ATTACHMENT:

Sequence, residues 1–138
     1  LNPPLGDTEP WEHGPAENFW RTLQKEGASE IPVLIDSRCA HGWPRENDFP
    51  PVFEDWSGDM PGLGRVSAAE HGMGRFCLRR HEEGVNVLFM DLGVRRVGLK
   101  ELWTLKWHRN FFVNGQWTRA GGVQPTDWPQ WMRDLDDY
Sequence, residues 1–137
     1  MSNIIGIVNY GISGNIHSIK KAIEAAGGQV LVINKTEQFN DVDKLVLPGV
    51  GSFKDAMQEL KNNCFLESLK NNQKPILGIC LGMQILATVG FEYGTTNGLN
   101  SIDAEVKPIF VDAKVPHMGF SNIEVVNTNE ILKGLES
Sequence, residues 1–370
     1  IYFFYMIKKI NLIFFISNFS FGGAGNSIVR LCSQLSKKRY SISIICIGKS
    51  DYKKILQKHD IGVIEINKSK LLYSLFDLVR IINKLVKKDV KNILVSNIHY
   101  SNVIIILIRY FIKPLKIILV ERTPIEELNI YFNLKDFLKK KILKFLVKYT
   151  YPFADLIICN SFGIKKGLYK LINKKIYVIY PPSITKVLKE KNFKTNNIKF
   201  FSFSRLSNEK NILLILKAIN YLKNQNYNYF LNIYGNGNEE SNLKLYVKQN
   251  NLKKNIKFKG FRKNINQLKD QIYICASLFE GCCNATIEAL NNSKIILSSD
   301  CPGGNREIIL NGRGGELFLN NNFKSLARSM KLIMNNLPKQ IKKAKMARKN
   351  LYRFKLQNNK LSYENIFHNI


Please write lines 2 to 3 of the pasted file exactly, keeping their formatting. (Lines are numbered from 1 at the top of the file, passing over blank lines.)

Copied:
     1  LNPPLGDTEP WEHGPAENFW RTLQKEGASE IPVLIDSRCA HGWPRENDFP
    51  PVFEDWSGDM PGLGRVSAAE HGMGRFCLRR HEEGVNVLFM DLGVRRVGLK